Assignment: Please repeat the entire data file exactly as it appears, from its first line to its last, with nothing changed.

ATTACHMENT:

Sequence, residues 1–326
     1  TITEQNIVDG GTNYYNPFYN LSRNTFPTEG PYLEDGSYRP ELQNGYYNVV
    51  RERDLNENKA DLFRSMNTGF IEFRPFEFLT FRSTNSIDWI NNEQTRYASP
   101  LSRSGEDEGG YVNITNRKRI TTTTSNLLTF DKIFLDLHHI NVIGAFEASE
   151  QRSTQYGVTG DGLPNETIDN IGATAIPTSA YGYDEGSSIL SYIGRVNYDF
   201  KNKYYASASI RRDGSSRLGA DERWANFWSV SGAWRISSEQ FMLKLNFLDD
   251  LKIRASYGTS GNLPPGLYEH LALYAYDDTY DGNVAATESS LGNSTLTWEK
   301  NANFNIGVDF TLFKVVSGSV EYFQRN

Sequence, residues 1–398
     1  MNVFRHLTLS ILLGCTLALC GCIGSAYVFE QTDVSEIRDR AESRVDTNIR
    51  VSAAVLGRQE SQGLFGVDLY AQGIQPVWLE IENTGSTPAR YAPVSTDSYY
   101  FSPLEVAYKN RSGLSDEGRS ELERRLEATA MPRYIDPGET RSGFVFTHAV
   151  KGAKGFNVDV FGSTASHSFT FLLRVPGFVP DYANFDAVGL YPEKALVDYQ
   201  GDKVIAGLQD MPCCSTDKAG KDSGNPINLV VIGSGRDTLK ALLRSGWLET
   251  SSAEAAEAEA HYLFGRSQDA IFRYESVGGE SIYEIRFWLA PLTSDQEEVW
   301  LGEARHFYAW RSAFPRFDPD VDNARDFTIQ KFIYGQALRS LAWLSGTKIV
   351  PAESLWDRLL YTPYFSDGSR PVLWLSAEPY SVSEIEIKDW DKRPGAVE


Sequence, residues 1–326
     1  TITEQNIVDG GTNYYNPFYN LSRNTFPTEG PYLEDGSYRP ELQNGYYNVV
    51  RERDLNENKA DLFRSMNTGF IEFRPFEFLT FRSTNSIDWI NNEQTRYASP
   101  LSRSGEDEGG YVNITNRKRI TTTTSNLLTF DKIFLDLHHI NVIGAFEASE
   151  QRSTQYGVTG DGLPNETIDN IGATAIPTSA YGYDEGSSIL SYIGRVNYDF
   201  KNKYYASASI RRDGSSRLGA DERWANFWSV SGAWRISSEQ FMLKLNFLDD
   251  LKIRASYGTS GNLPPGLYEH LALYAYDDTY DGNVAATESS LGNSTLTWEK
   301  NANFNIGVDF TLFKVVSGSV EYFQRN

Sequence, residues 1–398
     1  MNVFRHLTLS ILLGCTLALC GCIGSAYVFE QTDVSEIRDR AESRVDTNIR
    51  VSAAVLGRQE SQGLFGVDLY AQGIQPVWLE IENTGSTPAR YAPVSTDSYY
   101  FSPLEVAYKN RSGLSDEGRS ELERRLEATA MPRYIDPGET RSGFVFTHAV
   151  KGAKGFNVDV FGSTASHSFT FLLRVPGFVP DYANFDAVGL YPEKALVDYQ
   201  GDKVIAGLQD MPCCSTDKAG KDSGNPINLV VIGSGRDTLK ALLRSGWLET
   251  SSAEAAEAEA HYLFGRSQDA IFRYESVGGE SIYEIRFWLA PLTSDQEEVW
   301  LGEARHFYAW RSAFPRFDPD VDNARDFTIQ KFIYGQALRS LAWLSGTKIV
   351  PAESLWDRLL YTPYFSDGSR PVLWLSAEPY SVSEIEIKDW DKRPGAVE